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This section enlists the available One Identity Safeguard for Privileged Sessions (SPS) deployment scenarios in a Citrix environment. The text on the arrows are formatted in (<step number>) <target port> format. The target ports define the protocols used in the communication:
80: Web service, HTTP: the list of available resources fetched in an XML format from the broker (v12 and v11 with Citrix Virtual Apps (formerly known as Citrix XenApp) only). The broker sends all the necessary information, including secure gateway and server addresses to the client.
8080: XML service, HTTP+XML: application discovery, load balancing (v12 and v11 with Citrix Virtual Apps (formerly known as Citrix XenApp) only), used to fetch target to the application/desktop by the client from the broker (used for load balancing, and so on).
443: XML service access or SOCKS/ICA or CGP/ICA wrapped in TLS. The client communicates with the secure gateway on this port for everything.
1080: SOCKS. The client can be configured to access the target server and the broker using a SOCKS proxy.
1494: Plain ICA.
2598: CGP/ICA (reliable mode enabled).
Accessing Citrix Virtual Desktops (formerly known as Citrix XenDesktop) is supported only in the following scenarios. Only reliable connections (CGP) are supported.
The SPS is deployed between the client and the server and the clients use predefined connection files or Program Neighbourhood, without a broker or secure gateway. The clients try to connect to their original ICA/CGP server.
Figure 181: Client - SPS - Server (Transparent mode)
The SPS is deployed between the client and the server and the clients use predefined connection files or Program Neighbourhood, without a broker or secure gateway. The clients try to connect to SPS, which can distinguish between the potential targets for example by source IP, or by having multiple IP addresses itself.
Figure 182: Client - SPS - Server (Non-transparent mode)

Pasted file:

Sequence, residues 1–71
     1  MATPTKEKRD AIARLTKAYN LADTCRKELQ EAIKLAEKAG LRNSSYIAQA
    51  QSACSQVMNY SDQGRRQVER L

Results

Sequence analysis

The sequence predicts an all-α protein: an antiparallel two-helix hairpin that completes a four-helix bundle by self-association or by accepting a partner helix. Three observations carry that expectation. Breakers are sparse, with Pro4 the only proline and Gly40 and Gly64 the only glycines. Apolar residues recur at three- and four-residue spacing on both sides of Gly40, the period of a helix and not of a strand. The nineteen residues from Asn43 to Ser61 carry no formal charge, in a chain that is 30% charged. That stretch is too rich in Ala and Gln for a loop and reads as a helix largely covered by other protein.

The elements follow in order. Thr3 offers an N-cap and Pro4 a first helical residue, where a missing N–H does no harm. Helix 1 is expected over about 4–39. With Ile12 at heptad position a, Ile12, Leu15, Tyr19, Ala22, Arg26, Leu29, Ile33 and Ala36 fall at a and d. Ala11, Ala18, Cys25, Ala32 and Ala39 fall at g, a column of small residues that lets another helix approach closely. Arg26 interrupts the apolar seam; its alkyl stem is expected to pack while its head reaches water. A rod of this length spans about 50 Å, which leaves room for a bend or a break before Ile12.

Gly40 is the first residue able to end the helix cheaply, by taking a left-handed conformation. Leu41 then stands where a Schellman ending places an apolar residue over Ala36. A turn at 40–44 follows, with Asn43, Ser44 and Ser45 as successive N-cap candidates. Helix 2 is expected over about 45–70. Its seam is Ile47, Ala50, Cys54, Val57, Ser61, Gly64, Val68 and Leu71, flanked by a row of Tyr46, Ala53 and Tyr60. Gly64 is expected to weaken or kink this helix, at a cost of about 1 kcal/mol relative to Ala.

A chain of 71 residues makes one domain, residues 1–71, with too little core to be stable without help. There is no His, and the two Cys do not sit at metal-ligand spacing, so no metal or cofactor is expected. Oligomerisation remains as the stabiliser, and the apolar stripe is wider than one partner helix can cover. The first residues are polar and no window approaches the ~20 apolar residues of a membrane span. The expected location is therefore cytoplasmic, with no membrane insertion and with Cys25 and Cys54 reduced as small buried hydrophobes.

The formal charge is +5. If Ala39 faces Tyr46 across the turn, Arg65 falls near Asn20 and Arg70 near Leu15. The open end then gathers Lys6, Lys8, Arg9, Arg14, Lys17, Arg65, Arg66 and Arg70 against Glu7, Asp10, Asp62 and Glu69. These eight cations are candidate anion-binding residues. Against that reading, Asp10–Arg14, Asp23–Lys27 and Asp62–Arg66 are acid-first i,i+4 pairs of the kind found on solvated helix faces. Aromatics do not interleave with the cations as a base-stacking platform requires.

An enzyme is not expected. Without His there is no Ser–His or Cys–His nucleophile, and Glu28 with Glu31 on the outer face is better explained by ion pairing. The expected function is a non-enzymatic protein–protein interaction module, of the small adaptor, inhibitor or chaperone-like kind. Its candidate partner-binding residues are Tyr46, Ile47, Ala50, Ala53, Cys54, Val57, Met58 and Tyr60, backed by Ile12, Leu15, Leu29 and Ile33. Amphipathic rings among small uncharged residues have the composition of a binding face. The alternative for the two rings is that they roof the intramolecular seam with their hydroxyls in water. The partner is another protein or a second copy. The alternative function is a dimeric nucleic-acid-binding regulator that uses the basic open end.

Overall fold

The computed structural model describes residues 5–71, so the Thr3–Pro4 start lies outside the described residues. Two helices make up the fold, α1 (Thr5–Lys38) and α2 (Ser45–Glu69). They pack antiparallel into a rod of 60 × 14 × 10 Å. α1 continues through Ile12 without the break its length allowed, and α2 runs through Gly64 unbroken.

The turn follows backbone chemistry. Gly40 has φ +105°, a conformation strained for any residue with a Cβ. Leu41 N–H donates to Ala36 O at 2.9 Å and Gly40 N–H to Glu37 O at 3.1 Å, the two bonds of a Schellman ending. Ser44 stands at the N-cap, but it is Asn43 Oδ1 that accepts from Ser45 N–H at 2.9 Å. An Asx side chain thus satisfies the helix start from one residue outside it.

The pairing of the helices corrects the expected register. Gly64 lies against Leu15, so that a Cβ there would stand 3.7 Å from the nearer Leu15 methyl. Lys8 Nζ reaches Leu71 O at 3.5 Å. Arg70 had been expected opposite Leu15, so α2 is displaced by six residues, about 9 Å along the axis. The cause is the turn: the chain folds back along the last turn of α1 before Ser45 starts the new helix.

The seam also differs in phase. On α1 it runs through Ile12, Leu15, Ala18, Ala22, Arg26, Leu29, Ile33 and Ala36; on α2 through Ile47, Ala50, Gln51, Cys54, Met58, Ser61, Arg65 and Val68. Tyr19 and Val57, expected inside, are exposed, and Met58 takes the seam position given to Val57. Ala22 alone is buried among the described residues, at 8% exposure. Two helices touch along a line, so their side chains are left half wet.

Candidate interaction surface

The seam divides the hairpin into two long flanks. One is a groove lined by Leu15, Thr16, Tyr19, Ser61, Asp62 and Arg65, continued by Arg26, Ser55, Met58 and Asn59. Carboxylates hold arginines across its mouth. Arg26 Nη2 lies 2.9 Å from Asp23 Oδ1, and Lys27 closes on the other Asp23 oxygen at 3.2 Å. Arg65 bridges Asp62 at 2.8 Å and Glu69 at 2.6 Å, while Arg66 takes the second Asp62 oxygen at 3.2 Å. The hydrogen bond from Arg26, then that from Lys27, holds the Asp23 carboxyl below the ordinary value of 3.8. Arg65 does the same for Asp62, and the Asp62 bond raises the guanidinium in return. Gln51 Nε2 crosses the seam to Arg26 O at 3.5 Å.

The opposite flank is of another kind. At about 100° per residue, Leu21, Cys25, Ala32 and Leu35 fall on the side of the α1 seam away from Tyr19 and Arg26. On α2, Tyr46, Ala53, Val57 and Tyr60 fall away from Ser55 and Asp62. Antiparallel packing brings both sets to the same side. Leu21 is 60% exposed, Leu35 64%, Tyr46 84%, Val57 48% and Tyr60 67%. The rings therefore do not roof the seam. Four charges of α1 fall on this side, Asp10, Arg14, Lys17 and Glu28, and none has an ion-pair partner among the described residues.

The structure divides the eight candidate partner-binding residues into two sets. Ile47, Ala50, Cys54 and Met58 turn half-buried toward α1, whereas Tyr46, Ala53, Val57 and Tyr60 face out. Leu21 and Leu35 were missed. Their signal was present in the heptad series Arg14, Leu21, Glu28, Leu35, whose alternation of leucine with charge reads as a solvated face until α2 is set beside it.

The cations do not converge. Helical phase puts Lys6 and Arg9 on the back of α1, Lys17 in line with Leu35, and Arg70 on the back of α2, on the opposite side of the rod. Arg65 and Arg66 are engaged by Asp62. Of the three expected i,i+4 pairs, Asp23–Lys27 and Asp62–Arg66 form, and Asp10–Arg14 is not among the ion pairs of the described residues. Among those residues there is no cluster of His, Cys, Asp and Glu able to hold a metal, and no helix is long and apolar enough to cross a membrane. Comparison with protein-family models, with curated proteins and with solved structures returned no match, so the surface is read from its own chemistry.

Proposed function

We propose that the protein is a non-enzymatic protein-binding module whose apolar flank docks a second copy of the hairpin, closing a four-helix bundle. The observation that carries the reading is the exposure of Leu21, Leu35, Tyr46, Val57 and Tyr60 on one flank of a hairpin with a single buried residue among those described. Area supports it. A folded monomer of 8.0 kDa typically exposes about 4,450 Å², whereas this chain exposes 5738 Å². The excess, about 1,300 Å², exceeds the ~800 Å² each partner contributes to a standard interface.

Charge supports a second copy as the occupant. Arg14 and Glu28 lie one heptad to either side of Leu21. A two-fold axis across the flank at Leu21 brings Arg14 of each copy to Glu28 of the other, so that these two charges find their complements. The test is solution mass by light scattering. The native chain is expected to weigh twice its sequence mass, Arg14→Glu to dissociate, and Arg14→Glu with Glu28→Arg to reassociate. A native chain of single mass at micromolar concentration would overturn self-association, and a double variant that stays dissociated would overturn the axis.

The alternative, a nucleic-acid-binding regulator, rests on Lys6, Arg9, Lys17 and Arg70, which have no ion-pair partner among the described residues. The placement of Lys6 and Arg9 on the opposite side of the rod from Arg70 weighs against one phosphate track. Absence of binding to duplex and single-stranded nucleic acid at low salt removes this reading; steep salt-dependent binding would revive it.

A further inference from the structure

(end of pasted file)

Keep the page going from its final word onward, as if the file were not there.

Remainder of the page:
The clients are using a farm broker which gives them a list of the available applications and servers, but they do not use a secure gateway in the network. The SPS is placed between the clients and the servers in transparent mode, and it catches the connections when the clients try to connect to the server IP addresses they got from the broker.
Figure 183: Client - Broker - SPS - Server (Transparent mode)
In this setup, a secure gateway is used in the network and the SPS is placed between this gateway and the servers in transparent mode. The clients connect to the broker for the list of available applications/servers and then make their further connections through the original secure gateway. That gateway forwards the connections either to the broker or to the CGP/ICA servers, which latter the SPS intercepts and audits/controls.
Figure 184: Client - Broker - original secure gateway - Secure Ticket Authority (STA) - SPS - Server
In this setup, the SPS acts as a SOCKS proxy for the client. It can be set either manually or specified by the broker. The client then makes all its connections to the broker or to the server using SPS as a proxy and hence it can audit/control these connections.
Figure 185: Client - Broker - SPS as socks proxy - Server
To configure such a scenario, you must set the ICA Connection Policy as follows: